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Did you measure the resistance downstream of the GFCI again after disconnecting the outlets? It's unlikely, but perhaps the terminals on one of the outlets is contacting the tile or other material that is at least partially conductive. The ceramic in the tile is an insulator but there might be some glazes that have a resistance low enough to be measurable.

When you placed a spacer behind the outlet, this moved the terminal screws on the outlet forward. Does the box there have a metal mud ring cover with a narrow opening, or is it a narrow "switch box"? If it's the first case then the terminals may have shorted on the narrow opening of the mud ring. The outlet needs to be centered in the opening, and wrapping the outlet with electrical tape to cover the terminals would be a good practice in this case.


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Old 04-23-19, 02:18 PM
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I think I'd try pulling the downstream receptacles out of their boxes and testing the GFCI device again. It's very possible that all you have is a neutral and ground touching inside one of the boxes.
 
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Old 04-23-19, 07:07 PM
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Sometimes these measurements can be difficult to interpret as general-purpose meters are not reliable at the extremes.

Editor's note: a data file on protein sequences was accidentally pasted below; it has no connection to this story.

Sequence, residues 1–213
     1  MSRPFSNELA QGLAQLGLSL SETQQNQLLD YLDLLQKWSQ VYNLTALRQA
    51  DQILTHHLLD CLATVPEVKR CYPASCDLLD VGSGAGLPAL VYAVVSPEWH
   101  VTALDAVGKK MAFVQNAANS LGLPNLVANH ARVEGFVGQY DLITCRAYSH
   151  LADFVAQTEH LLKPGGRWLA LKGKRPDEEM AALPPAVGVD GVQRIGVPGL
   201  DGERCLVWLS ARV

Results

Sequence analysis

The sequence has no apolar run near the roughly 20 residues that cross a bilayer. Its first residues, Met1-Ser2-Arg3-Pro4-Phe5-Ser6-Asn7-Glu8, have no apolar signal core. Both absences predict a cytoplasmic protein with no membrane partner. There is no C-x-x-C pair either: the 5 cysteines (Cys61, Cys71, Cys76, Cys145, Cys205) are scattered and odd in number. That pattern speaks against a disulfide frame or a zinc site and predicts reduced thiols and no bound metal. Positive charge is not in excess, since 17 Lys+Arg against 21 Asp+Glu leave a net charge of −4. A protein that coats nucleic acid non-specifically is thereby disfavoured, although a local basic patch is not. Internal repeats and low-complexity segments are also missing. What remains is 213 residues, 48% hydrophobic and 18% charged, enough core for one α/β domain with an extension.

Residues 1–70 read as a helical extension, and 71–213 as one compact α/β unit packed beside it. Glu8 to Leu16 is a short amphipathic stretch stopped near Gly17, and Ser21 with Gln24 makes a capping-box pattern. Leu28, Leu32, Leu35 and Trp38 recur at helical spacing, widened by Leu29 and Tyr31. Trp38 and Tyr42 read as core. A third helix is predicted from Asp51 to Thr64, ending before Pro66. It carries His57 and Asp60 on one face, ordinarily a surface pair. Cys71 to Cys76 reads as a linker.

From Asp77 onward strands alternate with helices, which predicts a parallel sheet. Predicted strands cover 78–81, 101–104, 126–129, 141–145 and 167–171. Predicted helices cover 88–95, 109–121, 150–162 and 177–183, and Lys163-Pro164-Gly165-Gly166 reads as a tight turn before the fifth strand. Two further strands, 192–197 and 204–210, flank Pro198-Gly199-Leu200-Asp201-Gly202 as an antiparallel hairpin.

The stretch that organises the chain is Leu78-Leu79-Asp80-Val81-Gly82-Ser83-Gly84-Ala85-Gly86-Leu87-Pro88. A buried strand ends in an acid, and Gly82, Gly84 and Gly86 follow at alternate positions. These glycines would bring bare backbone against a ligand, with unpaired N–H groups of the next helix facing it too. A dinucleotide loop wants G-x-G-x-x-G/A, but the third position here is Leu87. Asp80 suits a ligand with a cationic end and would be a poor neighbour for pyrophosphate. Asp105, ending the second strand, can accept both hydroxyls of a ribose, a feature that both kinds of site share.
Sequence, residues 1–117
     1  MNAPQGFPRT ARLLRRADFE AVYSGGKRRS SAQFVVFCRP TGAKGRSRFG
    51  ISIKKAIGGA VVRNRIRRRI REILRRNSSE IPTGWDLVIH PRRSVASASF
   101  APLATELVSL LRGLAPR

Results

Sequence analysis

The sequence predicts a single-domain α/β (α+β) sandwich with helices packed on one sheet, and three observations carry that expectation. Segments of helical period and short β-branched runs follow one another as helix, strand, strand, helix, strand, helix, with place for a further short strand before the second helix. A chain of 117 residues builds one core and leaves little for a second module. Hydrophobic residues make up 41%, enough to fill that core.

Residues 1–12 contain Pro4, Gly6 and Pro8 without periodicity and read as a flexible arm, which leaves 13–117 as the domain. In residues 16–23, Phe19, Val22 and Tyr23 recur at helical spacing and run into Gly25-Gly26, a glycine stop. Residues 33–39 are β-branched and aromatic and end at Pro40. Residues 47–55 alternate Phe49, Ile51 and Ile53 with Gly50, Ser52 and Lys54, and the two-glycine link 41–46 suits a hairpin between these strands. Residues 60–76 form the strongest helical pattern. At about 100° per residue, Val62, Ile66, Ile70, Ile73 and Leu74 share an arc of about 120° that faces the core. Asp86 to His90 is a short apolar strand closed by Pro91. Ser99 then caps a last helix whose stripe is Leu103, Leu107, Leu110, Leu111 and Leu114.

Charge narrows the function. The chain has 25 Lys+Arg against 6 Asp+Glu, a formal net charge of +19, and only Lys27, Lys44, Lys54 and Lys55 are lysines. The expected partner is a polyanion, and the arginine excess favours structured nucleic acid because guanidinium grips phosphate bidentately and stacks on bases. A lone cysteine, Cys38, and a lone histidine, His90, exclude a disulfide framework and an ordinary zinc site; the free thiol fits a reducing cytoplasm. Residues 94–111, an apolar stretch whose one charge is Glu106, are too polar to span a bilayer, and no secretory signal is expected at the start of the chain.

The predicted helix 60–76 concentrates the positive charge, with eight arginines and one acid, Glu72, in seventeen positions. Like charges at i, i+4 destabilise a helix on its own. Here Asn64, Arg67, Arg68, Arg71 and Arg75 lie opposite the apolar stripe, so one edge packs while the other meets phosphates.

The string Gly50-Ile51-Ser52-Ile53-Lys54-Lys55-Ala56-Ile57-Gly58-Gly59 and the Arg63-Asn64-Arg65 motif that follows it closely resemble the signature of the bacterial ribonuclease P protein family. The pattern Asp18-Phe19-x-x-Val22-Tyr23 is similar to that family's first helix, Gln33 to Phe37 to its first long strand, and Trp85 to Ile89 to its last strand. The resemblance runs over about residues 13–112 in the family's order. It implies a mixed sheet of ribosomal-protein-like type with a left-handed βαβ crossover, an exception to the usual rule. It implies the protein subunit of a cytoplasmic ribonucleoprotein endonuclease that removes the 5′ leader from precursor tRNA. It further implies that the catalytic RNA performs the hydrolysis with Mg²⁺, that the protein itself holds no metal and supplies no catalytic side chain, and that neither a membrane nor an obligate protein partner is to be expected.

My meter is a lab quality meter. 250 KOhms is not at the extreme.

A meggar might be needed. I don't have one of those.

Did you measure the resistance downstream of the GFCI again after disconnecting the outlets?
No. I measured with one outlet disconnected. But I didn't measure with both disconnected. Both wall outlet boxes are plastic. The one in the cabinet is metal. I measured the lines with the cabinet outlet (from the metal box) pulled out. Still measured 250 KOhms.

When you placed a spacer behind the outlet, this moved the terminal screws on the outlet forward. Does the box there have a metal mud ring cover with a narrow opening, or is it a narrow "switch box"?
There's no metal mud ring cover. The box is all plastic. By "narrow switch box", do you mean, a single wide outlet box?

Thanks for all the suggestions.
 
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Old 04-23-19, 08:03 PM
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There should be no continuity what so ever between the neutral and ground.
You must locate where that resistance is coming from.
 
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Old 04-24-19, 10:46 AM
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Try disconnecting the hot and neutral lines on the load side of the GFCI one at a time, and check if the GFCI trips. If only one side causes tripping then that could provide an additional clue.
For example, if it trips with just the hot side wire connected then the insulation may be breaking down somewhere with the application of 120V. This would not show up on an ohmmeter test. If it trips with just the neutral wire connected then it's more likely that an intermittent connection of neutral and ground metal conductors is happening, because any voltage on the neutral should be quite small (not enough to break down insulation).
Like Pete said the root cause for the 250K ohms across the conductors needs to be tracked down. By itself it would not trip the GFCI if the resistance maintained itself only across the hot and neutral wires, with no leakage to ground, when full line voltage was applied. However, this resistance should not be there and tracking where it's coming from is likely to point you to the source of the problem.
 

Last edited by engr3000; 04-24-19 at 11:49 AM.